Dogs, Demons to play in Canberra
Wednesday, 16 August 2006. 14:24 (AEDT)Wednesday, 16 August 2006. 13:24 (ACST)Wednesday, 16 August 2006. 13:24 (AEST)Wednesday, 16 August 2006. 14:24 (ACDT)Wednesday, 16 August 2006. 11:24 (AWST)
Rodney Eade says the new deal is better than the current arrangement.Getty Images
The Western Bulldogs and Melbourne will play matches at Canberra's Manuka Oval from next year.
In a new deal announced by the AFL today, the clubs will play one home game each per season at the ground for the next three years.
The AFL will also schedule a preseason cup match and a preseason practice match at Manuka Oval.
The package replaces the Kangaroos' three home games, which have been shifted to the Gold Coast.
AFL chief operating officer Ben Buckley said Sydney would be scheduled as the away team for at least one of the two regular season matches.
"It may be two, we're not locked into that at this stage. We need some degree of flexibility in who plays as the away teams but certainly there's a lot of interest in Sydney and we need to recognise that when we do the fixture," he said.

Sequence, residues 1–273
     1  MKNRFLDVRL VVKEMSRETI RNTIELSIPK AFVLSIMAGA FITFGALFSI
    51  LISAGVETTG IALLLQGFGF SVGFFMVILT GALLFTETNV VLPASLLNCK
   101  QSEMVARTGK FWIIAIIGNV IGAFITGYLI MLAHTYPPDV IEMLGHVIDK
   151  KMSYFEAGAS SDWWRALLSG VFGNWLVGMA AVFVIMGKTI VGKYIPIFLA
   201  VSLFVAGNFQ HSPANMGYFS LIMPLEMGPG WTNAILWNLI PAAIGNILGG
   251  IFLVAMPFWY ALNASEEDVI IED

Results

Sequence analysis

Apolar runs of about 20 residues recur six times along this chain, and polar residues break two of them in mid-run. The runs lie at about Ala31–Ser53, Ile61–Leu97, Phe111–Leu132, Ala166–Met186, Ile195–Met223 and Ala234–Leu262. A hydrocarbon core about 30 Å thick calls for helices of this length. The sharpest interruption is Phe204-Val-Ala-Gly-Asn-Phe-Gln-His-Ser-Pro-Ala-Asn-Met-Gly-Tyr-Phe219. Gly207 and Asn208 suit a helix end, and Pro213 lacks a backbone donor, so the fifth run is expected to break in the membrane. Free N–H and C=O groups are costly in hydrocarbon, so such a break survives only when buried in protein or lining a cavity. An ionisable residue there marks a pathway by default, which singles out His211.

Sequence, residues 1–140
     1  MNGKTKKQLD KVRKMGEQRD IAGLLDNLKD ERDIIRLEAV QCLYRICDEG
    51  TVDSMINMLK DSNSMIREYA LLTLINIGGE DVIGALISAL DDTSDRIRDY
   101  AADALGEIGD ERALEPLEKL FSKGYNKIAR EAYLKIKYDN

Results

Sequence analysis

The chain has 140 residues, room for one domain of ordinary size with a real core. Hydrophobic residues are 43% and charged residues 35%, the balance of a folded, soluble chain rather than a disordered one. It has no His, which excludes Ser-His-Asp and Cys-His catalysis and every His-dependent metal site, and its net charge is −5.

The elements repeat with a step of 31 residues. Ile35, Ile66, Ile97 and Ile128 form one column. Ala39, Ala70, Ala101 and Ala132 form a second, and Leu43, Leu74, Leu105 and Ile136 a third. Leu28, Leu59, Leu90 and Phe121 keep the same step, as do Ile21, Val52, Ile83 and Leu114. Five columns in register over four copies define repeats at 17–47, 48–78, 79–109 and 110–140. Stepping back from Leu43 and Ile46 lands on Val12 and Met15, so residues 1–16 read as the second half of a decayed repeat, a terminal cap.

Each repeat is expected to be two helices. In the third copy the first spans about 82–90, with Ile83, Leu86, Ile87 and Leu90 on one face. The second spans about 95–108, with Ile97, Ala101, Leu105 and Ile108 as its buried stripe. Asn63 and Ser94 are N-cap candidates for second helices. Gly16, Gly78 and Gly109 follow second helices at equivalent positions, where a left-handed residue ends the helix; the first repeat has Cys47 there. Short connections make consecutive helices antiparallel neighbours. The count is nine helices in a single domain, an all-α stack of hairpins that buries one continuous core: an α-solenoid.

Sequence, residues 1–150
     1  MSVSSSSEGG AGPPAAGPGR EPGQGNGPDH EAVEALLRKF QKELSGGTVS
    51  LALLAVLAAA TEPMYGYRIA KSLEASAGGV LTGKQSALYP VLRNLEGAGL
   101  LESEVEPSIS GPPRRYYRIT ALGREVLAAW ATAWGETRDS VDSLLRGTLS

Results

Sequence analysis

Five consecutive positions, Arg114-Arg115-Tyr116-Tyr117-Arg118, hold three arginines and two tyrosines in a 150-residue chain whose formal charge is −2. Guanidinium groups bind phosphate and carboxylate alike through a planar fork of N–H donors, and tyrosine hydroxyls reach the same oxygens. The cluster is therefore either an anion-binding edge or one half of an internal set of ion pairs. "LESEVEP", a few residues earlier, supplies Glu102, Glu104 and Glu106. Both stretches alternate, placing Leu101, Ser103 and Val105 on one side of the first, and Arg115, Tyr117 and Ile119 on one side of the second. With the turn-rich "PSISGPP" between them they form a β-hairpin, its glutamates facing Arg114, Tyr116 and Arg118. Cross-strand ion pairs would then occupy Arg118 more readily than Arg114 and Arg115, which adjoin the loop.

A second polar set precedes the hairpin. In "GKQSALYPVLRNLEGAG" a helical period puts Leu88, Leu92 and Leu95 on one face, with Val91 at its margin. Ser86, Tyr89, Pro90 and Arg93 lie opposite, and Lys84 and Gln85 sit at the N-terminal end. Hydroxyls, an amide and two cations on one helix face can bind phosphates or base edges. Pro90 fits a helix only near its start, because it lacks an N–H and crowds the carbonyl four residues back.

Mr Buckley added he did not believe support for the code in Canberra would drop following the Kangaroos' departure.
"People who have become Kangaroos members are passionate football supporters as well as being supporters of the Kangaroos Football Club, so we expect that they'll come and be interested in the mix of teams that we have."
As part of the new deal, the Western Bulldogs will no longer play a home match in Sydney at the SCG.
Western Bulldogs coach Rodney Eade said he was happy with the new deal, but reiterated his preference to play in Melbourne.
"Certainly the preferred option from the football department and the club is to play all our home games in Melbourne," he said.
"That's what we're striving for and hopefully in three years time we'll be able to have all our home games in Melbourne."
Eade said the new deal was better than the current arrangement.
"I think the biggest issue with the two games away was actually playing on non-neutral grounds, playing on someone else's home ground like we did in Sydney. I think it's too big an advantage for them," he said.